Antibacterial mechanism of gold nanoparticles on Streptococcus pneumoniae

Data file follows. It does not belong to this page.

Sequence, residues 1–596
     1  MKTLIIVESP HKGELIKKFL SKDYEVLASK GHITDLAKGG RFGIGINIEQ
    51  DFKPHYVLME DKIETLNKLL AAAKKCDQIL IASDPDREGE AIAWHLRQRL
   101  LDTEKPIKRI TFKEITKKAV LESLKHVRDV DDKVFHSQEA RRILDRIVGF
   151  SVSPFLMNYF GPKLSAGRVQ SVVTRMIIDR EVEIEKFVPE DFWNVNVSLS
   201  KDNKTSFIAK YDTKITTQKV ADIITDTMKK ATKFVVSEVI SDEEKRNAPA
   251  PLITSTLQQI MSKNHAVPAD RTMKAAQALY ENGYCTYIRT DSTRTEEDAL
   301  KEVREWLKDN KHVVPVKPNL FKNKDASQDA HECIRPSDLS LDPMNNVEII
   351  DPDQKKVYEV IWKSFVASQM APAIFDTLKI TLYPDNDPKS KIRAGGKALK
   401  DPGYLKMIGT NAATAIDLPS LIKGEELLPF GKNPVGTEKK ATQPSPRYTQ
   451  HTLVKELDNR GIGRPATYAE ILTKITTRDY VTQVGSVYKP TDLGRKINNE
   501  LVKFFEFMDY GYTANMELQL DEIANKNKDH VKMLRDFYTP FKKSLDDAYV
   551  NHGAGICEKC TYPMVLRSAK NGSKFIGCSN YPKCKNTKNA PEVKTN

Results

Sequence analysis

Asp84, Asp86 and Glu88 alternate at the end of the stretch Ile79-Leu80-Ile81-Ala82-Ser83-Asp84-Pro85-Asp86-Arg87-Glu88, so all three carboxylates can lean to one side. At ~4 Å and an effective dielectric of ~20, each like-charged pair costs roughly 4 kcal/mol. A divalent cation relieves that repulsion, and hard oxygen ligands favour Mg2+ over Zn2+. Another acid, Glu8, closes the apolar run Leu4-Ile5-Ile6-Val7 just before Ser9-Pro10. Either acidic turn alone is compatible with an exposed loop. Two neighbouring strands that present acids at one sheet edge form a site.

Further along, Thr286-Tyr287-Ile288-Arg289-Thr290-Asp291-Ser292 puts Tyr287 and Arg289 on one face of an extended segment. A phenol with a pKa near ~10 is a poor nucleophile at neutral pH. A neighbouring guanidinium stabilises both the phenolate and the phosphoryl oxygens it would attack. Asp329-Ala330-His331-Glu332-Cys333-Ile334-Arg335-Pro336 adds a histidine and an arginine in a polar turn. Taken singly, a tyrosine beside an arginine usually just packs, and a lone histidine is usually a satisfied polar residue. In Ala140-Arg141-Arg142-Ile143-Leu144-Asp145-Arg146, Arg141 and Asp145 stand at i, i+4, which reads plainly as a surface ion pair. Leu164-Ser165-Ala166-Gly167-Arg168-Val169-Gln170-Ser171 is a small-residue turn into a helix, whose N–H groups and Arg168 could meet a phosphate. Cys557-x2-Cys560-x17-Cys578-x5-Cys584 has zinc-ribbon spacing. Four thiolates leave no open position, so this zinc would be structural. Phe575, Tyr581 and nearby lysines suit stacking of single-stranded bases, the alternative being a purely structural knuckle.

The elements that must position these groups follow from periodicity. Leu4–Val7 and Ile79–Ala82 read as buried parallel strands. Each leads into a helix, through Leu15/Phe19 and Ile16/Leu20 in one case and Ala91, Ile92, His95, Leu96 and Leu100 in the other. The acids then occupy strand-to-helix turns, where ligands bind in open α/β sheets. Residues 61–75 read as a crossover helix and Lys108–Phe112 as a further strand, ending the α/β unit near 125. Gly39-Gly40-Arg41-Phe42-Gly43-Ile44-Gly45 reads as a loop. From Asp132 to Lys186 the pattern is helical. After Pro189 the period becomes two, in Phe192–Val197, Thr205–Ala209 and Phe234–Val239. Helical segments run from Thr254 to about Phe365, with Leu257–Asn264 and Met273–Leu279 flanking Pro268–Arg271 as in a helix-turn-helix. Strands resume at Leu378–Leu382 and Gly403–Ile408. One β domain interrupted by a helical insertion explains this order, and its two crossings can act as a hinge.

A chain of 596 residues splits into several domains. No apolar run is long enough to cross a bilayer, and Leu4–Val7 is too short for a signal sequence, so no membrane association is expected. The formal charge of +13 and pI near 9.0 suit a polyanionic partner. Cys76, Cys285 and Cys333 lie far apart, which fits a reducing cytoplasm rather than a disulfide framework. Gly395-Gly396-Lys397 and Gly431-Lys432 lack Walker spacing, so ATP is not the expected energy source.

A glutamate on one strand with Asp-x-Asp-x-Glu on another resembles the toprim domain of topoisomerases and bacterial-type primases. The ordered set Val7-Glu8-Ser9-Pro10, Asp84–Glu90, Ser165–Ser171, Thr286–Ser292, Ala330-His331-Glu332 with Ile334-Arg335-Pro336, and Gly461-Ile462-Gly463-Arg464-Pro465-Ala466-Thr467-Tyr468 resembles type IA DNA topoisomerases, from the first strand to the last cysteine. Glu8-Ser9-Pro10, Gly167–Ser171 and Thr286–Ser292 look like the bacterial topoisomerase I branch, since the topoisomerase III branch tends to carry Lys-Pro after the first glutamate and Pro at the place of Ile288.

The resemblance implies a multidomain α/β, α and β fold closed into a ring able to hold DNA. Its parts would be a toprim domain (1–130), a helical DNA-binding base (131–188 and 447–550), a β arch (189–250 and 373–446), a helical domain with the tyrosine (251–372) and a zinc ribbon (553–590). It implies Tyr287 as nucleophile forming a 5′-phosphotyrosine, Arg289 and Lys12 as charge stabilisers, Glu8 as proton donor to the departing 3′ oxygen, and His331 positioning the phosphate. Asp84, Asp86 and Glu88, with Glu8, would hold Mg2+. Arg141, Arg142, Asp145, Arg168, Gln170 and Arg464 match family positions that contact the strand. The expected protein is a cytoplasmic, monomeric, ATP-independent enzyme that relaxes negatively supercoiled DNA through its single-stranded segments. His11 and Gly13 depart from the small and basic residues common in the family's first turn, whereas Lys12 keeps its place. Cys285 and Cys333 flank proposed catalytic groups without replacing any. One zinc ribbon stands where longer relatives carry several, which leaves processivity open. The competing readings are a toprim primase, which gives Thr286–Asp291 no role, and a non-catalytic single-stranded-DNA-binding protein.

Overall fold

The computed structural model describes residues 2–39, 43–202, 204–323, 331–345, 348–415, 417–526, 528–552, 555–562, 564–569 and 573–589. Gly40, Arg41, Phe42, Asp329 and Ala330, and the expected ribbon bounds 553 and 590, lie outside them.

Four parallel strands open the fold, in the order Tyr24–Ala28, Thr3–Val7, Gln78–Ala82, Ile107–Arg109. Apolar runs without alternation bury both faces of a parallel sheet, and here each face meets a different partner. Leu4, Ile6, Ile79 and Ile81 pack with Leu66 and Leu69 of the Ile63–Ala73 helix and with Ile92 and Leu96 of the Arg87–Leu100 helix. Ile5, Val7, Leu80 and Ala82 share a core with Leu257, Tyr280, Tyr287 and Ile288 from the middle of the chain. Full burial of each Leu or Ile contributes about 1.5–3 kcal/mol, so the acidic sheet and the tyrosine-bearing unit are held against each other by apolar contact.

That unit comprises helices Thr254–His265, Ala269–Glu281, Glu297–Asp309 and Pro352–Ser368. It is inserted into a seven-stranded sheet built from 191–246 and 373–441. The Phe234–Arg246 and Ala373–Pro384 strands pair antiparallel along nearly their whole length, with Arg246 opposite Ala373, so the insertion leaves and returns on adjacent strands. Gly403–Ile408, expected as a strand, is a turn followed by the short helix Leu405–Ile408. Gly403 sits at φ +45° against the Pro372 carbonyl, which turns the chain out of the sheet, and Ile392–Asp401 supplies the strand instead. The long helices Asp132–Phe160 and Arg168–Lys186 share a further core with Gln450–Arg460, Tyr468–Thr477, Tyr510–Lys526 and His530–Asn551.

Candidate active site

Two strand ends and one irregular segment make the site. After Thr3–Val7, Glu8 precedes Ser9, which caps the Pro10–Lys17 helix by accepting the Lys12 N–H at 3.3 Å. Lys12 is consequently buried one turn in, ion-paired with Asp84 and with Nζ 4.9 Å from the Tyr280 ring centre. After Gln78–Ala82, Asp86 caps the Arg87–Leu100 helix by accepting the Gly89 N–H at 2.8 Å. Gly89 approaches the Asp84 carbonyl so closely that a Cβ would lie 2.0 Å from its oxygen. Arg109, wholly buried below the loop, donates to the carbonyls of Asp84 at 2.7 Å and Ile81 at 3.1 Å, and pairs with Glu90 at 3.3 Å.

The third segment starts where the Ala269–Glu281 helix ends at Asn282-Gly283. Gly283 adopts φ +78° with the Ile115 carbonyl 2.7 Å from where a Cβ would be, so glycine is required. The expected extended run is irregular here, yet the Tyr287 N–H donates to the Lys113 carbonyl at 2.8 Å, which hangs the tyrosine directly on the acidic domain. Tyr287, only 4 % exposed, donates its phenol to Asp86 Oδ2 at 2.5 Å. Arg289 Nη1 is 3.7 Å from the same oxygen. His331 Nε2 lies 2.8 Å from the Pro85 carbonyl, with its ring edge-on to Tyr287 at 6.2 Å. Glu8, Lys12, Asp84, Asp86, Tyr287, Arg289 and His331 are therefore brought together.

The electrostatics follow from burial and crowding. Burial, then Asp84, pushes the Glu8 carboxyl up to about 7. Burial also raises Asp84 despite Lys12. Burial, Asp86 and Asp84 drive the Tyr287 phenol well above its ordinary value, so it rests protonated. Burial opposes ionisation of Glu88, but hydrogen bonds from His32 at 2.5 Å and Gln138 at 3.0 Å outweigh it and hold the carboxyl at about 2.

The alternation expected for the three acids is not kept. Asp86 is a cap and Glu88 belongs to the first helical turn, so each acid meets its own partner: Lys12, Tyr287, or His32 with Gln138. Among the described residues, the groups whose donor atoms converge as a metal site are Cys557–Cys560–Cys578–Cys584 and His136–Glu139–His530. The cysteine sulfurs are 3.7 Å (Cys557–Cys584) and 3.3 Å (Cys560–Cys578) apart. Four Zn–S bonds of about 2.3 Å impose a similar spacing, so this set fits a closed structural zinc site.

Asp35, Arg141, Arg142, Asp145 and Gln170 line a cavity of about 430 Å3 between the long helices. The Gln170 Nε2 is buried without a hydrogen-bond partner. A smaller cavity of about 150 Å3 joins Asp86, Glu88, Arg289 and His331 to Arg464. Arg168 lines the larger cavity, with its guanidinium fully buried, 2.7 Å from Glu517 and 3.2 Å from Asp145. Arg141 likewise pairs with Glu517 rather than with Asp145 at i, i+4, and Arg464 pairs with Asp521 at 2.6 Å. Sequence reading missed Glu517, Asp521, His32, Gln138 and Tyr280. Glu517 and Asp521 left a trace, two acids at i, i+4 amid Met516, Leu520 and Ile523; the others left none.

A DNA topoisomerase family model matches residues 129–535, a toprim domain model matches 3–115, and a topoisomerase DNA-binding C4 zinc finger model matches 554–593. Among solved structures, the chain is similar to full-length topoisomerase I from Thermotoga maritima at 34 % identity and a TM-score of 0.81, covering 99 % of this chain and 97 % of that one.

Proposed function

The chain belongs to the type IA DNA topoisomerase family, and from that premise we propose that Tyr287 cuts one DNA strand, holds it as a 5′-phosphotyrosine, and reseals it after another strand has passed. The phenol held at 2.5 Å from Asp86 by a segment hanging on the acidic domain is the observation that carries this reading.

Streptococcus pneumoniae is a causal agent of otitis media, pneumonia, meningitis and severe cases of septicemia. This human pathogen infects elderly people and children with a high mortality rate of approximately one million deaths per year worldwide. Antibiotic-resistance of S. pneumoniae strains is an increasingly serious health problem; therefore, new therapies capable of combating pneumococcal infections are indispensable. The application of gold nanoparticles has emerged as an option in the control of bacterial infections; however, the mechanism responsible for bacterial cell lysis remains unclear. We observed that gold nanoparticles are capable to cross different structures of the S. pneumoniae cells, reaching the cytosol where inclusion bodies of gold nanoparticles are formed. In this work we developed a novel process for the separation of such inclusion bodies that allowed the analysis of the biomolecules such as carbohydrates, lipids and proteins associated with gold nanoparticles. Based on our results, it was possible to separate and identify proteins associated with gold nanoparticles, which we suggested as possible candidates that facilitate the interaction and entry of gold nanoparticles with the S. pneumoniae cells.